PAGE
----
Whales will hear, avoid Superferry, expert says
A marine biologist testifies that the ship is built in a way that mitigates the dangers
The Hawaii Superferry's impact on whales would be "negligible" in part because it has no propellers, but rather a noisy jet propulsion system that would alert marine mammals to its approach, an expert testified yesterday.
Mark Fraker, a marine biologist, took the stand following the conclusion of testimony from the plaintiffs' whale expert, Greg Kaufman, who was on and off the stand for 10 days.
The Superferry's maneuverability and "small cross section" are other factors mitigating whale-vessel collisions, said Fraker, based in British Columbia.
His background includes environmental studies on killer whales and otters related to the 1989 Exxon Valdez oil spill in Alaska. He also has studied population parameters in cetaceans and has taken part in a variety of other studies on seals, sea lions and bowhead whales.
While plaintiff attorneys argued to have Fraker's expertise limited to marine mammals in Alaska, Judge Joseph Cardoza granted expert qualification based on education, training and knowledge.
The Superferry's vessel Alakai, propelled by jets of water, "will most likely alert whales to its presence and motion," Fraker said.
In fact, noise from the ferry, he said, "has been suggested as a key factor to instigate normal evasive behaviors in whales."
Isaac Hall, the attorney for the environmental groups that are seeking an injunction against the Superferry, questioned Fraker's citations on noise. He also read from a baleen whale study cited by Fraker that noted that humpback whales are slow swimmers.
In addition to having dedicated whale watch observers, Fraker said, the Hawaii Superferry's route avoids areas where whale densities are the greatest.
Fraker called the loss of one to two animals "unfortunate" but a possible consequence, given that the humpback whale population is around 8,000.
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Kauai official ponders charges for protesters
Kauai's prosecuting attorney will investigate whether to charge at least six people arrested in connection with the Hawaii Superferry protests.
On Tuesday the defendants were scheduled for arraignment in Circuit Court, but prosecutors failed to file complaints against them.
"No formal charges were filed," said Kauai Prosecutor Craig De Costa. "Their arraignment date was canceled, pending a review of police reports once we get them."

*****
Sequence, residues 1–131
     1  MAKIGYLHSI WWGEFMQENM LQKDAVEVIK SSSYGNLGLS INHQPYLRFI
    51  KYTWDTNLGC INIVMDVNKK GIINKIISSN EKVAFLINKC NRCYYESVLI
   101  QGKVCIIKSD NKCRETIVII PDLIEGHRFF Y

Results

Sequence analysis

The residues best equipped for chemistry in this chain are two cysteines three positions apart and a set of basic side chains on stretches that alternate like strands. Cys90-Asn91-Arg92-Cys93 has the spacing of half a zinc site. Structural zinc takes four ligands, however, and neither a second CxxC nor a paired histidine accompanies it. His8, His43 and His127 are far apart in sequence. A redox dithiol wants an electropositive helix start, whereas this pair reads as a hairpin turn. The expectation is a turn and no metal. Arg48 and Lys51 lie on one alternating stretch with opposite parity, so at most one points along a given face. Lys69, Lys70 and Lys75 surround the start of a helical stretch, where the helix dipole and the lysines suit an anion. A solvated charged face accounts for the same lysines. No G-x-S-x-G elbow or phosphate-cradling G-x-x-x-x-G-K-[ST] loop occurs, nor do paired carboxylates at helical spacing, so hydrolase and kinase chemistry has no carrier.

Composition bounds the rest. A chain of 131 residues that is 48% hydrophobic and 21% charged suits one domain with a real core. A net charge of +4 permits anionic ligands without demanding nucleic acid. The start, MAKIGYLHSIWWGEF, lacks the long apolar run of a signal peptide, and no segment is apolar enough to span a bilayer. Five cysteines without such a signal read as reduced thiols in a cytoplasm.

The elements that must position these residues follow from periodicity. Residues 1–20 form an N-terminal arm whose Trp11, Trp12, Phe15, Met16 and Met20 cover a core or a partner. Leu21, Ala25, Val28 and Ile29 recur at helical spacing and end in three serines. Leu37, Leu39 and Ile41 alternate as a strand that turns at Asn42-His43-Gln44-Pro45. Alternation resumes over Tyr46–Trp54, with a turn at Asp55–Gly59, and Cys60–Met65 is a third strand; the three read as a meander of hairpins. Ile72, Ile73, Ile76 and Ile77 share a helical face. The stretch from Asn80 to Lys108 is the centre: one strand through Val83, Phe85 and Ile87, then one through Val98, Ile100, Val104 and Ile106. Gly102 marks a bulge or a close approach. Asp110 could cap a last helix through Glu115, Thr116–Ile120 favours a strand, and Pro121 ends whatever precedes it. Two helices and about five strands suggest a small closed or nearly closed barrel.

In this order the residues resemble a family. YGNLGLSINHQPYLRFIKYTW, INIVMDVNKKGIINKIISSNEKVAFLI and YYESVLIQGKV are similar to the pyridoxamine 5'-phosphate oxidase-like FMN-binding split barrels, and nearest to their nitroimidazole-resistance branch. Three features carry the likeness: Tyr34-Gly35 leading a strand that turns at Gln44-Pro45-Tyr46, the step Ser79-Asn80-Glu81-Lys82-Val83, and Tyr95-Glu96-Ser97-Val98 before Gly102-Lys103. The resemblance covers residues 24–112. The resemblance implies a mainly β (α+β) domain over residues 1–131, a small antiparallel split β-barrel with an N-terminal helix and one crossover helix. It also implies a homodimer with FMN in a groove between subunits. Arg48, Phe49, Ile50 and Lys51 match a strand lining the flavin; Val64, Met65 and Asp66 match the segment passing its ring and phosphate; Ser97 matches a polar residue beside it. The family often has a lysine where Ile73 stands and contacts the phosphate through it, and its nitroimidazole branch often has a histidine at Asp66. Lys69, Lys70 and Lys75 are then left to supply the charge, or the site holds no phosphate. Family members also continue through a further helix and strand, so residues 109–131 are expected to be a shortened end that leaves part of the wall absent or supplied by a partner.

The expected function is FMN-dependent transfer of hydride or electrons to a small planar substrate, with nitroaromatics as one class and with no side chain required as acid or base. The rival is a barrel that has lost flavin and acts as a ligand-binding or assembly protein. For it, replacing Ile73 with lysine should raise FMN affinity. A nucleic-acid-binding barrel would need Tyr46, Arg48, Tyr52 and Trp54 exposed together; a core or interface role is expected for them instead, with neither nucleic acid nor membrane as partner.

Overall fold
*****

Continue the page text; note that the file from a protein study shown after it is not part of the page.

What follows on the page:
Charges against the defendants stem from the Aug. 26 and 27 protests at Nawiliwili Harbor when they were arrested on suspicion of state misdemeanor crimes such as criminal trespassing.
Fourteen people were arrested over those two days, including four juveniles, police said.
While the defendants could face another arraignment date, at least one defendant's case was dropped. Police said Timothy Rysdale was arrested on suspicion of criminal trespassing on Coast Guard property on Aug. 29, two days after the protests.
After talking with the Coast Guard, prosecutors found "the defendant's intent on trespassing on Coast Guard property was not malicious," De Costa said.
Police still had not turned over reports for four cases yesterday, while reports for two cases were delivered too late for Tuesday's arraignment.
As in Rysdale's case, the incoming reports could have insufficient evidence to bring charges because the police were distracted, focusing on the public's safety, De Costa said.
"We might not be able to charge the four because there may be discrepancies between the Police Department and other agencies witnessing (the incident)," he said.
Prosecutors have since met with law enforcement agencies to improve interagency coordination in future incidents, he said.
Kauai police Capt. Ale Quibilan, incident commander at the protests, said he did not know why the police reports were delayed, but plans to see that they are completed in the next couple of days.
"The arrests were done in this big confusion of trying to secure the harbor," he said, adding that while the arrests were proper, authorities might not be able to prove in court that a crime was committed. *
Saturday, October 6, 2007
» Kauai police Capt. Ale Quibilan said the arrests of Superferry protesters at Nawiliwili Harbor were proper but that in some cases authorities might not be able to prove in court that a crime was committed. A Page A5 article Thursday incorrectly paraphrased him as saying that some of the arrests might have been unwarranted.
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